Saturday, November 21, 2009

Dear Readers,

My list server went down and most of my contact list was lost. They recovered some of it, but in recent months due to the losses, my list fell from 3,000 to about 400. If you know of someone who would enjoy getting this weekly newsletter, could you please forward it? Thank you.

I’m behind in mailing out the columns and since we’re finishing the series on spiritual disciplines, I’ll mail three over the next week to catch up. Happy Thanksgiving to all. Loook at the following two bits of news, then read “Confession ~ Good for the Soul.”


My books are now in many stores:

LifeWay Christian Stores, Mardel Christian Stores, Parable and Family Christian Stores. If you are in the market for one of these, I’d appreciate your shopping in a local store for them. Thank you:

• A Scrapbook of Christmas Firsts ~ Stories to Warm Your Heart and Tips to Simplify Your Holiday

• The Stained Glass Pickup.


Cathy’s Christmas one-hour radio Interview: re-airing November 27, 8:00 a.m. Central time.

To listen click this link and and click "listen now" on the left-hand side.

Confession – Good for the Soul

Author Darryl Tippens tells the following stories about confession. He and his wife Anne were invited to a local synagogue for Yom Kippur. This is the holy Day of Atonement when Jewish worshipers seek God’s forgiveness. During the service the rabbi invited the congregants to also consider their sins against any in the community and afterwards to go and apologize to that person.

As you read the rest of these stories, keep in mind these two scriptures about confession of sin: a prayer to God, “Heal my soul, for I have sinned against you” (Psalm 41:4), an entreaty, “Confess your sins one to another, and pray for one another that you may be healed” (James 5:16).

In addition to seeking God’s forgiveness on Yom Kippur, the rabbi did something Tippens was not expecting. He asked each person to turn to their neighbor and confess their wrongs, asking for forgiveness. As a Gentile visitor, Tippens thought he’d get a pass. He didn’t think he had offended anyone on their church rolls. Then his wife Anne turned to him with shimmering eyes and asked, “Will you forgive me for all the times I’ve hurt you?”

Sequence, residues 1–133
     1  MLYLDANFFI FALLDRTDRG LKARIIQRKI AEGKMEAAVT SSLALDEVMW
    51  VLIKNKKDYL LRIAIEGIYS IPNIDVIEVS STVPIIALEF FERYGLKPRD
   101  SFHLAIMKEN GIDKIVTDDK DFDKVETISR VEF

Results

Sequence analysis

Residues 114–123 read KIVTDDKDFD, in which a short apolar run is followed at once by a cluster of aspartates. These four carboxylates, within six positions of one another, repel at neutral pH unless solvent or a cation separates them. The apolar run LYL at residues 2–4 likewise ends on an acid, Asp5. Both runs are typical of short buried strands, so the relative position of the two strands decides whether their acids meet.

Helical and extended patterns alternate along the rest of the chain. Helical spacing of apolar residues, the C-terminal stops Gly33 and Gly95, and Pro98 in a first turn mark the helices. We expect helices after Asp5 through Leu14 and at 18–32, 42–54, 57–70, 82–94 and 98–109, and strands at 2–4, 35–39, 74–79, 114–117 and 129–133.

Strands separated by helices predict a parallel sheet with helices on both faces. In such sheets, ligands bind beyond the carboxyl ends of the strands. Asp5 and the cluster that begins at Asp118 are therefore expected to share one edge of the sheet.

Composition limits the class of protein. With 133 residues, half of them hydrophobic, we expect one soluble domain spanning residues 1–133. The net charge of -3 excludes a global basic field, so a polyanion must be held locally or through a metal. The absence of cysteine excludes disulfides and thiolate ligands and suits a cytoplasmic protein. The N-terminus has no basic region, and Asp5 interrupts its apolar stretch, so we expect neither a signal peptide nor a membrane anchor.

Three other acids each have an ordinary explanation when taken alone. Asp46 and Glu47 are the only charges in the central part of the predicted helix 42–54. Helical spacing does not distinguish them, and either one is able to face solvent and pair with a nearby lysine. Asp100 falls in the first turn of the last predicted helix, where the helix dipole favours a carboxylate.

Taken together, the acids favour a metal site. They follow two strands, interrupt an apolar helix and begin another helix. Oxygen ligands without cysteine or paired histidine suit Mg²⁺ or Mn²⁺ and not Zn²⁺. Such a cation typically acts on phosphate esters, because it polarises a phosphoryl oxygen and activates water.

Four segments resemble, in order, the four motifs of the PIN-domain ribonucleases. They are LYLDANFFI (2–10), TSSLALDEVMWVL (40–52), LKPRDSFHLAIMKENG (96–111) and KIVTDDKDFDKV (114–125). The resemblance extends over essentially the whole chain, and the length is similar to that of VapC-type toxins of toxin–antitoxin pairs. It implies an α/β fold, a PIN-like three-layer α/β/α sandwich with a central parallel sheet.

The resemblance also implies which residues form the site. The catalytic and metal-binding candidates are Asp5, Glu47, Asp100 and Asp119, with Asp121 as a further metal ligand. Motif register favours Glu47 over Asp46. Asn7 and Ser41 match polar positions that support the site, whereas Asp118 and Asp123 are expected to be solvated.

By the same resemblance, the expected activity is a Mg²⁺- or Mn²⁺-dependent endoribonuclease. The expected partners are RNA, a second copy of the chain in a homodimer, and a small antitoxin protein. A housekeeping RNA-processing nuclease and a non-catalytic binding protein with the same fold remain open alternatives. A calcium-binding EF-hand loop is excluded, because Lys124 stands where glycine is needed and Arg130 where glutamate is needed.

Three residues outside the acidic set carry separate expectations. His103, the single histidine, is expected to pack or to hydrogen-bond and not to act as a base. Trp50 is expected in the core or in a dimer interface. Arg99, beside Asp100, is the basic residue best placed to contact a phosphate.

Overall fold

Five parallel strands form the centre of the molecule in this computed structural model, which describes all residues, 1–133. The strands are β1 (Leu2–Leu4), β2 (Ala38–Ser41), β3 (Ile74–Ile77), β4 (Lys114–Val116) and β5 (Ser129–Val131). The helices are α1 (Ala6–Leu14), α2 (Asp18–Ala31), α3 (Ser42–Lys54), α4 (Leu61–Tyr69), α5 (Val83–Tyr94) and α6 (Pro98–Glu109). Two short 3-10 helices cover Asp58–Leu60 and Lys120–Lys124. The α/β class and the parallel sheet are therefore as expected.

Inwardly, he knew he should have first asked her forgiveness. “Feebly,” he answered, “Yes, I forgive you. Will you forgive me, too?” Tippens said that in his decades of church services, no minister or worship leader had ever asked him to confess his wrongs “in front of God and everybody.” He found a deeper awareness of confession and had his own Day of Atonement in the synagogue.

Tippens’ story is in his book, “Pilgrim Heart – the Way of Jesus in Everyday Life.” In presentations, he sometimes tells about his experience on Yom Kippur. After one such telling, an audience member related a similar experience. “William” and his family had been invited to an Eastern Orthodox Church and the day they attended was the day the church practiced the rite of “Mutual Forgiveness.” William, his wife, and two year old daughter watched as the priest, the leader, bowed before the congregation, his face to the floor and named his sins aloud and asked for God’s and the congregation’s forgiveness.

Then the congregation of about 150 arranged themselves into a large double circle, half the group was on the outside facing in, and the other group stood inside facing outward. This allowed congregants to rotate and confess their sins and seek forgiveness from fellow worshipers. The double circle revolved and each person got on their knees and confessed asking forgiveness of the next person and the next. Occasionally, a confessor grasped the feet of the person he had wronged and sought forgiveness. William and his wife participated as their two year old daughter walked quietly beside them and watched.

William said it was humbling, exhausting, exhilarating, and cleansing. Near the very end when the congregants had gone full circle. Their two-year-old daughter, who had been very quiet, knelt down on the floor in front of her mother’s feet. Taking hold of her ankles, she placed her little face near the floor. For this young couple, it was the crowning moment of the day, to know that in the future as they confessed and sought each other’s forgiveness, that God would open a door for this tiny daughter to embrace confession and forgiveness.

Many weekly church liturgies incorporate a time when the congregation asks aloud seeking God’s forgiveness, but not all Protestant churches include such a time. More could be written about confession, but more powerful than reading about it is the doing of it. Dependant upon personal misdeeds, it may be appropriate today to seek a store clerk’s forgiveness, a car mechanic’s, the postman’s, your husband’s your wife’s or your child’s. When we confess and seek forgiveness, we foster Christian charity among our community of contacts.

Before you confess to others, the psalmist’s prayer to a loving Father is a blessed place to begin, “Heal my soul, for I have sinned against you.”

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